Hurst: Ah, I see what you mean. Well, this next fish story is more upbeat.  It’s about a fish with a red mowhawk.  

Carol: With a what?

Hurst: You heard me.  And it has hands, too, to help it walk on the ocean floor.

Carol: You’re just making stuff up now.  Come on, it wasn’t that slow of a news week.

Hurst: I’m not kidding. It’s called a handfish for obvious reasons, and was first discovered in the 1800s but has been in declining numbers, and has a very small habitat in…well…in a secret location.

Carol: You know you can tell me. I won’t tell anyone.

Hurst: No, it’s being kept a secret from the public so that they can be left relatively alone, from divers and tourists, and other pesky types who keep up with animal news.

Carol: Hmmm…I think you might have just insulted our audience, Hurst.  Changing the subject, Puerto Rico is still suffering after Hurricane Maria’s hit in September of 2017.  Companion animals were also some of the storm’s victims.  This past week Southwest Airlines and Lucky Dog Animal Rescue teamed up to rescue 62 dogs and cats from Puerto Rico to forever homes in Washington D.C. In addition to rescuing these animals, the flight also brought 14,000 pounds of humanitarian supplies to animal rescuers that are working in Puerto Rico.

Hurst: That is great news!  I’m so glad to hear that they are receiving aid.  On a completely different note, did you see the story about primate cloning in China? It’s been causing a fair amount of controversy.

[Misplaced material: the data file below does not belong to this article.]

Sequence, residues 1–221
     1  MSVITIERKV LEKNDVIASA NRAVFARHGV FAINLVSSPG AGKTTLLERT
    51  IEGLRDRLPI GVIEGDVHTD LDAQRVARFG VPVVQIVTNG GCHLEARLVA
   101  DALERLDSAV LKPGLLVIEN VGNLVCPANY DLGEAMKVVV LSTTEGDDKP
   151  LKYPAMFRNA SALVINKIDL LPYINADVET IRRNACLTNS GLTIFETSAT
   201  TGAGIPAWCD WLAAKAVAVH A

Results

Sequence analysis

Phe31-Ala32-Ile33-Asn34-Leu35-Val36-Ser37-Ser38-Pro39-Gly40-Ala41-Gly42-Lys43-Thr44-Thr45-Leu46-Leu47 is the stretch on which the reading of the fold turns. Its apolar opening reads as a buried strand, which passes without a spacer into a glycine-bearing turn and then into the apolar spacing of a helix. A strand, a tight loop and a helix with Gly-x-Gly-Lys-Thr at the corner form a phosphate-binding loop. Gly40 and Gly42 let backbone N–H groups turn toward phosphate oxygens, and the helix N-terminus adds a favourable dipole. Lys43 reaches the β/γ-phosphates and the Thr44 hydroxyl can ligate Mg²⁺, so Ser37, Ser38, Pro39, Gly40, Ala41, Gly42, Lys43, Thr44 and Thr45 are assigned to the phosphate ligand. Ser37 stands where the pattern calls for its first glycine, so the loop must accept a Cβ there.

Carol: I did see that. Two female macaques were cloned, and you’re right, it raises many ethical questions. To give some background information, these are essentially the first primates to be cloned. This has not happened before because the cloning process is obviously very complex and must be fine tuned for each species. In addition, many people are ethically against cloning primates.

Hurst: There are two main sides in this primate cloning debate. Those in favor of this practice say that by testing on these animals they could provide groundbreaking information on diseases that affect humans, since primates are more similar to humans than other cloned animals, like sheep.

Carol: The opposing side says that it is unethical to create these animals and manipulate them simply for human gain. They argue that the treatment of clones may be less ethical because they are viewed as disposable copies. It should also be pointed out that China does not have any comprehensive laws set in place that ban animal cruelty. And finally, this is just a step closer to human cloning, which is another can of worms.

Hurst: Are the worms in this can cloned, or are they genetically diverse? Either way, this is an extremely complex issue, and one that I’m sure will be wrestled with for some time.

Carol: Absolutely. Okay so you’ve heard of cat ladies, but what about a bat lady?

Hurst: I can’t say I have. I’m guessing it is either a woman that is passionate about bats, or maybe scientists took their genetic research too far and made a bat-woman hybrid?